HC : The short story wasn’t published. I was commissioned to read on it for air for Radio Four, so I narrated it, but it wasn’t actually published. I have been working on a novel, which I am in the process of finishing off, and which I have being shown to some publishers.

PB : Are you prepared to say what that is about at this stage ?

HC : No, there is no point. If it gets published people will know about it then . I am very pleased with it. We’ll see what happens.

PB : You have recently done a cinema tour of thirteen dates with questions and answer sessions afterwards to promote ‘Blueprint’ and you’re now planning to do another one of those in the Autumn. Yet you’re not going to be doing a full tour to promote ‘Hoover Dam until next year. Why have you decide to hold on that ?

HC : Partially because the film is doing so well in cinemas. Why rehearse and go out on tour when there is the movie and it’s doing a great job ? I’d like to let that grow. It will just confuse people if I got out at this point, and start doing live shows as well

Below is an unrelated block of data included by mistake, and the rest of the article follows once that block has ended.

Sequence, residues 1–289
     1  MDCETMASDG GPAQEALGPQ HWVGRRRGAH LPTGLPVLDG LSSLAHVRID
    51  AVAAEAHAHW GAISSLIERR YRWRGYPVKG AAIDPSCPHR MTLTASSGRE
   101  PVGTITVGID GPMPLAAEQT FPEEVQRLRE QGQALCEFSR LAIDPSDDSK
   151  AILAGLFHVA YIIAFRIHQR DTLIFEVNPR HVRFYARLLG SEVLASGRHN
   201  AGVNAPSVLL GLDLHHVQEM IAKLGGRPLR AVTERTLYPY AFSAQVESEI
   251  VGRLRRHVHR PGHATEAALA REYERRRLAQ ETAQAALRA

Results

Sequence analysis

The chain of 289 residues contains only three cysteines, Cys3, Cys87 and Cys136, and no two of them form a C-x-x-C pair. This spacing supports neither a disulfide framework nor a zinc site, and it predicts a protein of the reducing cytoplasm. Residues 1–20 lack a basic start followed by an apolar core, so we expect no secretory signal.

The other reason is that for the last few years I have gone out to tour at exactly the same time as the Stranglers and I am not going to do that this time. In fact this time they are doing something which is perfect for me. They’re going out and doing a Greatest Hits tour this October/November which I want everyone to go to because I will get some of the publishing money for that. I see that as a tribute to the time I was with them, so I couldn’t ask them to go out and do a better tour as a prelude to me going out with my new album in February.

PB : What are you plans for the future ? Is the next stage once you have promoted this record and the film just to carry on working on the next album ?

HC : Yeah, I get bored very easily, so I like to be busy. If I get time off from music then I will write prose, and if I don’t get time off I will be playing music and doing shows. To me life is work. Those two four letter words are synonymous to me at the moment.